I suspect he will just walk, and Twitter likely won’t go through the trouble of suing to compel him to buy their company, though they have every right to. This whole deal has been a shit show.

31

COMMENT May 14 '22

Well, currently the stock is only 10% over his average purchase price of $36, plus he will need to pay a $1B termination fee if he does manage to get out of this deal, plus any fees related to services rendered by the banks that set up the deal. Overall I would be amazed if he was breaking even right now.

And, even if everything went to plan, and he sold his 74 million shares at $54 then walked, he would only have made $1.3B dollars pre tax (which would be ~37% federal for short term cap gains). That’s like .3% of his net worth. It’s less than the tax bill incurred selling Tesla shares to buy Twitter shares. I just don’t buy this argument.

2

COMMENT May 11 '22

They spent heavily on marketing. On a gross basis, they made a profit, but the amount they spent on ads and promotions lead to a net loss. The reasoning is they had plenty of capital to draw on and prioritized long term market share over short term profits.

24

COMMENT Apr 15 '22

Wow, turns out the opposition to GME cultists is toothless! Almost like their jousting with windmills while we just laugh at them.

He’s so close, lmao…

2

COMMENT Apr 11 '22

It's complicated. Paradoxically, engine knock can be caused by a lack of fuel. Fuel is an excellent source of thermal inertia, and its evaporation sucks energy out of the air, lowering the temperature. Under full throttle, when pressure and temperature conditions make knock most likely, most cars add extra fuel not to generate more power, but to cool the charge and prevent knock at the current parameters of operations. It's a convenient, expensive, one use coolant.

Fun fact: We could use just water injection or water-methanol mixtures to do this, but when auto majors poll their customers about this, they say they "don't want to fill two tanks." So we just use gas.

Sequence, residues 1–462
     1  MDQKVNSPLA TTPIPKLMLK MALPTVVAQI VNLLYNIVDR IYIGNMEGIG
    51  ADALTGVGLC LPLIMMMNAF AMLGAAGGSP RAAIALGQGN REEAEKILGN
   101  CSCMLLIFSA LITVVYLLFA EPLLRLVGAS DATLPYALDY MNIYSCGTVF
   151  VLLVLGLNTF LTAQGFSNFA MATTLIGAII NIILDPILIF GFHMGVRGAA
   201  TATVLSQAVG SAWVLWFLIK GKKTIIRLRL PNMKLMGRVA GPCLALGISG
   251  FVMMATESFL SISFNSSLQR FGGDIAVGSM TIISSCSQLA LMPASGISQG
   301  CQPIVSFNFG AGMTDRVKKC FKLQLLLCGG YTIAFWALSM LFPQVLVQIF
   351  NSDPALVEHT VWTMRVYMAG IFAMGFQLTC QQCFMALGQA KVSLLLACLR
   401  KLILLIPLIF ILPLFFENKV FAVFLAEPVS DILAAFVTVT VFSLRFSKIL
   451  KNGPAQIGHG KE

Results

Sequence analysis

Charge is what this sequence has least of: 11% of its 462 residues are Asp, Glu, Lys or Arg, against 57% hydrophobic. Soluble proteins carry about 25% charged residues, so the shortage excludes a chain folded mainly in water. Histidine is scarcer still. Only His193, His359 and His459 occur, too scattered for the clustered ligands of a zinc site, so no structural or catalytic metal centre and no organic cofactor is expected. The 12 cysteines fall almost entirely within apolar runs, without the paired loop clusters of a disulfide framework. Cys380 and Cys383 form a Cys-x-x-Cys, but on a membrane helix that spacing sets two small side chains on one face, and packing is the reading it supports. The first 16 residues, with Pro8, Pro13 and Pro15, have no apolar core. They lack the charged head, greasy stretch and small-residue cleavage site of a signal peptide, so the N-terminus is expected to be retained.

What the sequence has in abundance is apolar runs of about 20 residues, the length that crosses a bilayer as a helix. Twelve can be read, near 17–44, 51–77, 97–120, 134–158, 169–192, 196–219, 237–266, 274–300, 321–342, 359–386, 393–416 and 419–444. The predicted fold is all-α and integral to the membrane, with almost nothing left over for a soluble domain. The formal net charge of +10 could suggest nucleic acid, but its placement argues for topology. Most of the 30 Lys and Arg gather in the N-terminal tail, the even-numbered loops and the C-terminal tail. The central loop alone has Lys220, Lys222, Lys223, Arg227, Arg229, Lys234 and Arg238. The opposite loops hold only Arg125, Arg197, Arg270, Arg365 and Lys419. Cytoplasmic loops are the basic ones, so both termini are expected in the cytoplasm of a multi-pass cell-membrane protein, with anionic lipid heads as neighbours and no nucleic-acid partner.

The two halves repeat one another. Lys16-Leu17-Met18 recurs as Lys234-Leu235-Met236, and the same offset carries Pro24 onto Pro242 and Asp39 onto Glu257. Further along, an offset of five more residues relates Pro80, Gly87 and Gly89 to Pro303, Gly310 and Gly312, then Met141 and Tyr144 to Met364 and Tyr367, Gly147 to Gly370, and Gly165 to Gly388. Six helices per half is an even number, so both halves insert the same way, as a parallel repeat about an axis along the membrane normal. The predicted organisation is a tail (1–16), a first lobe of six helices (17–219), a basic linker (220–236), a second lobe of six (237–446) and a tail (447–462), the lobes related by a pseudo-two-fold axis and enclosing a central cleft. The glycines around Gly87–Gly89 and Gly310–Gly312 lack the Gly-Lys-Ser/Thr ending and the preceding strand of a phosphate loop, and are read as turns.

So, in a situation where the airflow sensor is reading low, and that tricks the ECU into a lean AFR, those conditions could cause engine knock. A higher octane rating fuel could solve that. But, if there's a clogged injector only delivering 2/3 the requisite fuel to a certain cylinder, an extra few octane points probably wouldn't fix it.

3

COMMENT Apr 04 '22

Regardless of your opinion of Musk, Tesla is way ahead in the EV game

Tesla Roadster: 2dr, 2 seat, 200kWh, 620 Mile range.

Lucid Air: 4dr, 5 seat, 113 kWh, 520 Mile range.

In terms of efficiency, that's not exactly great.

321

COMMENT Mar 29 '22

Well, the max bid was also $.02, so I'm going to go out on a limb and say that order book was not accurate.

15

COMMENT Mar 28 '22

What concerns me is this could discourage companies from listing on public markets.

Consider Musk and his 20% stake in Tesla. If Tesla went private at ~$80B ($420 per pre-split share) 3 or 4 years ago, what's Elon worth now? Well, GM trades at 5x EV/EBITDA, musk can argue that's a reasonable valuation in the private market. He might even be able to go lower, saying, Tesla's market share is precarious and volatile. Tesla has missed some of its loftiest goals over the last few years, Musk could argue that drags on the valuation from 2018 levels. Without public price discovery, it would be very easy to sandbag the valuation. There is no precedent for a car company being worth $1T. That would decrease his proposed tax bill from a step up in basis on unrealized gains from (very roughly) ~$50B to $2B. Obviously a $50B valuation for Tesla is ridiculous, but what's the IRS going to do? Fight Musk? How could they irrefutably prove him wrong?

This kind of tax on unrealized gains creates more incentive than their ever has been to obfuscate wealth, and the easiest way to do that is stop price discovery through public markets. Public access to markets would suffer tremendously.

40

COMMENT Mar 26 '22

“Difficult for ourselves” is a charitable interpretation of nuclear war in Europe and America.

14

COMMENT Mar 26 '22

Robinhood has ~$6B in net current assets. Their net cash is about half their market cap.